When I slipped my arm round her waist, she dared not cry out.

But when you come to the door of the house of Vettius you will cry out with wonder.

Thou shouldst have heard her cry out when he said that to confess all would be a shame.

They must needs have each a by-path of their own, and cry out against all who will not follow it.'

He felt a foolish impulse to roll on the ground, to cry out and bite.

It was now my turn to cry out, for Charley's face was that of a corpse.

But I did not cry out—I know that, for I asked two of the fellows after.

What if one of them got Kirsty by the throat before she had time to cry out!

It seems he has some terrible complaint that makes him cry out that way.

The strain on their nerves threatened an attack, they might cry out, perhaps fight.


early 13c., "beg, implore," from Old French crier, from Vulgar Latin *critare, from Latin quiritare "to wail, shriek" (source of Italian gridare, Old Spanish cridar, Spanish and Portuguese gritar), of uncertain origin; perhaps a variant of quirritare "to squeal like a pig," from *quis, echoic of squealing, despite ancient folk etymology that traces it to "call for the help of the Quirites," the Roman constabulary. The meaning was extended 13c. to weep, which it largely replaced by 16c. Related: Cried; crying.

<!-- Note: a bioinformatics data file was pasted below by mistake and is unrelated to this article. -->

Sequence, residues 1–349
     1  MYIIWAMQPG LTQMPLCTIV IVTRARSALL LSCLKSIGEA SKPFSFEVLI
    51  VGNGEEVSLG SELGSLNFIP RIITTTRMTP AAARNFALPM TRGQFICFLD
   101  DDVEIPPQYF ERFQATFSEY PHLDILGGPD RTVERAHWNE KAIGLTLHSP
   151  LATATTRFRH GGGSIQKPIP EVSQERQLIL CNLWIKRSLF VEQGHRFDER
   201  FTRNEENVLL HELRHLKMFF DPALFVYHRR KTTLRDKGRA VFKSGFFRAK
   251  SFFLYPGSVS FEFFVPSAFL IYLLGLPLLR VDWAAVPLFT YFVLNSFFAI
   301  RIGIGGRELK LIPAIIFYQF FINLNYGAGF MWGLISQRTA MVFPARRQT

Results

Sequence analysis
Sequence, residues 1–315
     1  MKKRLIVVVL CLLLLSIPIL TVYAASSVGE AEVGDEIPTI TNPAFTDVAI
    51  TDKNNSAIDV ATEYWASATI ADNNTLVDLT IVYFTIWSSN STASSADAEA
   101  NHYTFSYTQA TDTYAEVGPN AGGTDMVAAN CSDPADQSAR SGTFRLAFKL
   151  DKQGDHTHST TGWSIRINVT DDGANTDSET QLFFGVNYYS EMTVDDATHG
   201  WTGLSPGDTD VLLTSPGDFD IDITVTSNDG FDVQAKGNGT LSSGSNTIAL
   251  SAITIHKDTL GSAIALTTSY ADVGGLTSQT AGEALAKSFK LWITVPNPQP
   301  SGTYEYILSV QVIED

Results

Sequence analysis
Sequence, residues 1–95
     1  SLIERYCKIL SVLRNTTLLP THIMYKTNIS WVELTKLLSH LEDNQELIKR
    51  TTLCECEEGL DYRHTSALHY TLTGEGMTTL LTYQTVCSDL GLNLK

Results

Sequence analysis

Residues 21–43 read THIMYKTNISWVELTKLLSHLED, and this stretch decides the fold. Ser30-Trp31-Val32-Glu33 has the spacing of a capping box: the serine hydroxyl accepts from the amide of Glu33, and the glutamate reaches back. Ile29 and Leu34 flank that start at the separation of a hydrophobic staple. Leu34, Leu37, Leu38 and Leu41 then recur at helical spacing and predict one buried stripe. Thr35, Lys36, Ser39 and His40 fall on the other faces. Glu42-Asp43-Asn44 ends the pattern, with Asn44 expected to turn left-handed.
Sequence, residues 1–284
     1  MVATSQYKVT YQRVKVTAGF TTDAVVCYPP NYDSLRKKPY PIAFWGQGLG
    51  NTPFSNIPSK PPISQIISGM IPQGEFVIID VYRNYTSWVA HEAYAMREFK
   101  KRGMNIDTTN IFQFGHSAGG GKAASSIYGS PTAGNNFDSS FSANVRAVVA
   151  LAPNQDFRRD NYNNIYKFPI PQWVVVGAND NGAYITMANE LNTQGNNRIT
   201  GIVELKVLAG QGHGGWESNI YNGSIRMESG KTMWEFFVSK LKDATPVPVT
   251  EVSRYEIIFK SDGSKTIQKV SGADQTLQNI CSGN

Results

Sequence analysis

Most languages, in common with English, use the general word for "cry out, shout, wail" to also mean "weep, shed tears to express pain or grief." Romance and Slavic, however, use words for this whose ultimate meaning is "beat (the breast)," cf. French pleurer, Spanish llorar, both from Latin plorare "cry aloud," but probably originally plodere "beat, clap the hands." Also Italian piangere (cognate with French plaindre "lament, pity") from Latin plangere, originally "beat," but especially of the breast, as a sign of grief. U.S. colloquial for crying out loud is 1924, probably another euphemism for for Christ's sake.


Roget's 21st Century Thesaurus, Third Edition Copyright © 2013 by the Philip Lief Group.